News - North Korea's most powerful weapon in cyber warfare

By Mike Hesp

North Korea's most powerful weapon in cyber warfare

Axie Infinity (AXS)
Ethereum (ETH)
Scams, crime and fraud

It is considered the world's most effective hacker group: North Korea's shadow army Lazarus. They are responsible for dozens of cyber attacks - and billions in crypto money.

Among film industry scandals, "The Interview" is an exotic. No public mud-slinging, no disputes over shootings, not even intimate scenes. Instead, it has a plot with political explosives: the comedy, released in 2014, is about the plot to assassinate Kim Jong-Un. After North Korea's attempts to prevent the film's release through diplomatic channels failed, and at least some cinemas dared to show the film, a retaliation followed: a massive cyber attack on Sony Pictures - the first public attack on Lazarus. Since then, the North Korean hacker army has increasingly specialized in the crypto sector, which so far has offered little resistance.

Fear and terror in the crypto sector

The list of cryptoprotocols robbed of millions by Lazarus grows longer every year. Extremely lucrative last year was the attack on the Ronin Bridge, an interface between the Ethereum Blockchain and the NFT game Axie Infinity. More than $600 million in crypto assets was stolen. On-chain traces led to wallets linked to Lazarus.

The specter continues to haunt the crypto sector this year. As the series of attacks on crypto payment service provider Coinspaid showed, hackers are becoming increasingly insidious. For six months, the company was harassed with cyberattacks, mostly manipulating employees with psychological tactics known as social engineering. In early September, another case was revealed with the cryptocasino Lazarus also becomes suspected to be behind attack on crypto exchange Coinex. The three damage amounts combined: about $130 million.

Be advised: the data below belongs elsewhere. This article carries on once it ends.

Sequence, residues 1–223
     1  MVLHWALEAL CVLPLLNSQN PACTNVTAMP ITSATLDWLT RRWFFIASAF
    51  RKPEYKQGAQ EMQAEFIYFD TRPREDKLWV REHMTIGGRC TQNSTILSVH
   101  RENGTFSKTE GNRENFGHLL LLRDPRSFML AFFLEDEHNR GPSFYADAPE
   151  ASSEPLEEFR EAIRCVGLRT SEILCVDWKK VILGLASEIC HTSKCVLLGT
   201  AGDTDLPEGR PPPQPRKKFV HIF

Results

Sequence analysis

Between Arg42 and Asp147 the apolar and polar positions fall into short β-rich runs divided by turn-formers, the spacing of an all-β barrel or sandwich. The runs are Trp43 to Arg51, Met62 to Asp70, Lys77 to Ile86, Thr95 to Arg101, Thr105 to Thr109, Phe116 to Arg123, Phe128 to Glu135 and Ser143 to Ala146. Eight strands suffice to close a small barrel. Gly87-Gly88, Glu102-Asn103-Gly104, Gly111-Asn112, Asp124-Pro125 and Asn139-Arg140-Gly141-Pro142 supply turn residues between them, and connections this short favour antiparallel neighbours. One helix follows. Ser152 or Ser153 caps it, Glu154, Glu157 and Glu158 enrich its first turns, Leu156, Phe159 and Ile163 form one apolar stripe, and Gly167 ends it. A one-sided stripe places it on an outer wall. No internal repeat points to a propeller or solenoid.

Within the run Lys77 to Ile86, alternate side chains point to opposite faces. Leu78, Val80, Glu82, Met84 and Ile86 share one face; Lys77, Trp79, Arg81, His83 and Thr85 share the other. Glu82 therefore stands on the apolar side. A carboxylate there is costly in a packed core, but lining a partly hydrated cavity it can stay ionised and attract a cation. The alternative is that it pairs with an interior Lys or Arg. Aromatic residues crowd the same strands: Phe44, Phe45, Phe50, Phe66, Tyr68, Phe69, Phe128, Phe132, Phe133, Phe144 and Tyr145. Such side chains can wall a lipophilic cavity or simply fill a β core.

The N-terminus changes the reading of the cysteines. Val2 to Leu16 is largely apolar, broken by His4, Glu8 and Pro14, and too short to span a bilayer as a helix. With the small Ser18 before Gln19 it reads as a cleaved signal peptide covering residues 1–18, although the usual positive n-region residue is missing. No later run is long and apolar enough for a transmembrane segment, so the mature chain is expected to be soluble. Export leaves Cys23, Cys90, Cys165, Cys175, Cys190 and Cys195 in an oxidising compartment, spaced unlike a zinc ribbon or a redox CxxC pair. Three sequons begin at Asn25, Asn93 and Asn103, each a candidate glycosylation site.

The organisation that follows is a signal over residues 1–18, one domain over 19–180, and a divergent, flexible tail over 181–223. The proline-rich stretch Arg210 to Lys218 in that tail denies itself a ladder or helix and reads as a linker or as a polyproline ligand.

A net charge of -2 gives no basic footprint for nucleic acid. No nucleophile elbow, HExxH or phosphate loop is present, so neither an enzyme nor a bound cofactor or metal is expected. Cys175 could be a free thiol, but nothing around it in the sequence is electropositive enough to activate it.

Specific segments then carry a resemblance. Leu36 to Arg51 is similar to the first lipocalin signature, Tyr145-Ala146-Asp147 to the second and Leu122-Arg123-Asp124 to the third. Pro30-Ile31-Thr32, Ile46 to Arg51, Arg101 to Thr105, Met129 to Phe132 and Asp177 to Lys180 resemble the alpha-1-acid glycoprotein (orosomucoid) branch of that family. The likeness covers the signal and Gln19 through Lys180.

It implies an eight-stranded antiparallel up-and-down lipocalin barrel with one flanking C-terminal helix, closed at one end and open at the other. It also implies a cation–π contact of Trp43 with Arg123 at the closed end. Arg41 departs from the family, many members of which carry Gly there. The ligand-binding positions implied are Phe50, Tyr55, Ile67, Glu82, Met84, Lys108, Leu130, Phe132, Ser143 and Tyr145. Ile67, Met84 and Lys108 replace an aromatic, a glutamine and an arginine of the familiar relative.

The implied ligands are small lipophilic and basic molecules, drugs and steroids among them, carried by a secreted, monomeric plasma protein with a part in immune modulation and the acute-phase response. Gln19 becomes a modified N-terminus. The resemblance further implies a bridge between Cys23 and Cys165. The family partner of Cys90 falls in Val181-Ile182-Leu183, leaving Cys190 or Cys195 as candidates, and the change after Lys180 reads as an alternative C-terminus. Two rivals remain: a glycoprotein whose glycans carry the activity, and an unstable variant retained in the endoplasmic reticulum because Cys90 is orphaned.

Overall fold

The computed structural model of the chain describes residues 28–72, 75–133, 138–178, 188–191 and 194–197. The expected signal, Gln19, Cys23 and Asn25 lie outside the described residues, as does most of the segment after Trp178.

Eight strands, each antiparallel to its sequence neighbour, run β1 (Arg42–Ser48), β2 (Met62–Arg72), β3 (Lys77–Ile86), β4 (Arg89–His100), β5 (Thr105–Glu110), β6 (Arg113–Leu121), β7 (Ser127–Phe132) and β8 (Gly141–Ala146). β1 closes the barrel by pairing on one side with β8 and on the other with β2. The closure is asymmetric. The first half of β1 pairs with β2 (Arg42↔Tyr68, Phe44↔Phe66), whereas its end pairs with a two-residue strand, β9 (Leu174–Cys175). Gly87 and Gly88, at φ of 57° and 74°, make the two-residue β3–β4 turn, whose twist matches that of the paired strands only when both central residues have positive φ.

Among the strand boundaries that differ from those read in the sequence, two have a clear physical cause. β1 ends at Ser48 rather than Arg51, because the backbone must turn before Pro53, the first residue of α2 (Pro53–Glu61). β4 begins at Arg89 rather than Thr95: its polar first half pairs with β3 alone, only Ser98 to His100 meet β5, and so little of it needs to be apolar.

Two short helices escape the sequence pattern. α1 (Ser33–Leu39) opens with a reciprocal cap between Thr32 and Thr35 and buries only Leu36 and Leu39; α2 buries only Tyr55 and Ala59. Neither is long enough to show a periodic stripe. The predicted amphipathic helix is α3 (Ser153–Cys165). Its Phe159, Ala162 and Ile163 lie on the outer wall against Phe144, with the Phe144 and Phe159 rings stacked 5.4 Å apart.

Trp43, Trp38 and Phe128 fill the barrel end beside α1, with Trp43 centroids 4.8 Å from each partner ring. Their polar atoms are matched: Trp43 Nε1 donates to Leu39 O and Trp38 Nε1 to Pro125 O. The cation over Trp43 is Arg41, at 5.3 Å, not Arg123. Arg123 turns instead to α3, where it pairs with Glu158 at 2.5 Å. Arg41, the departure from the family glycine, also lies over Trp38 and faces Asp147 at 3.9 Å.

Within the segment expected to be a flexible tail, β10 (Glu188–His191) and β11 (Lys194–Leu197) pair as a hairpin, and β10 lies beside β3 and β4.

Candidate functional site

DeFi: the money is on the street

The pros know how to abuse the vulnerabilities of smart contracts. Only already last year, Lazarus stole $1.7 billion in cryptocurrencies. Money that the United Nations says is being used to fund nuclear weapons programs. The industry must face this accusation: The sometimes negligent security measures make it unnecessarily easy for the North Korean regime to fill its coffers.

"Given that most victims of hacking are DeFi protocols, these developers need to prioritize prevention," warns Erin Plante, vice president of investigations at blockchain security firm Chainalysis. A key step: "extremely rigorous code audits" - protocols should be meticulously tested before juggling money. The goal should be a "gold standard," "the strongest and most secure smart contracts" can then "serve as templates for developers," says the blockchain expert.

Workers increasingly in the picture

Incidents like Coinspaid show that employees are increasingly being targeted. Erin Plante therefore advises more vigilance. Companies should upgrade, "invest in strong security strategies and tools, and train their employees to recognize suspicious communications."

Hackers often gain access through fraudulent emails called phishing. With this background, it is "very important to ensure that all employees of a company are vigilant and strengthen the technical aspect of cyber defense."

Cat and mouse

The crypto playground has so far been grazed extremely profitably by Lazarus. But according to Erin Plante, with "growing expertise of law enforcement in tracking funds," "more and more successful stolen funds have been frozen and seized." Meanwhile, funds stolen in the Axie Infinity hack are also frozen. The faster one responds, the greater the chances of success, says the expert: "Time is of the essence, quick action can prevent hackers from paying out their stolen money."

Even if the cards are dealt unevenly: Investigative agencies are not without a chance. By banning cryptomixers that anonymize transaction paths, thus facilitating money laundering, authorities such as the U.S. Treasury Department are trying to limit the damage. Lazarus reportedly laundered several hundred million US dollars through the mixing service Tornado Cash, which has since been shut down in the US. Tracking stolen money also makes it harder for Lazarus to access cryptocurrencies than it was a few years ago.

Who is Lazarus?

Little is still known about Lazarus. Not only is the number of members unclear - Erin Plante could not provide an estimate - but also how homogeneous the group, also known as Guardians of Peace, APT 38 or Hidden Cobra, is. What is undisputed is that the hacker collective works at the behest of the North Korean regime. Experts estimate that Lazarus may well be the largest hacker group in the world.

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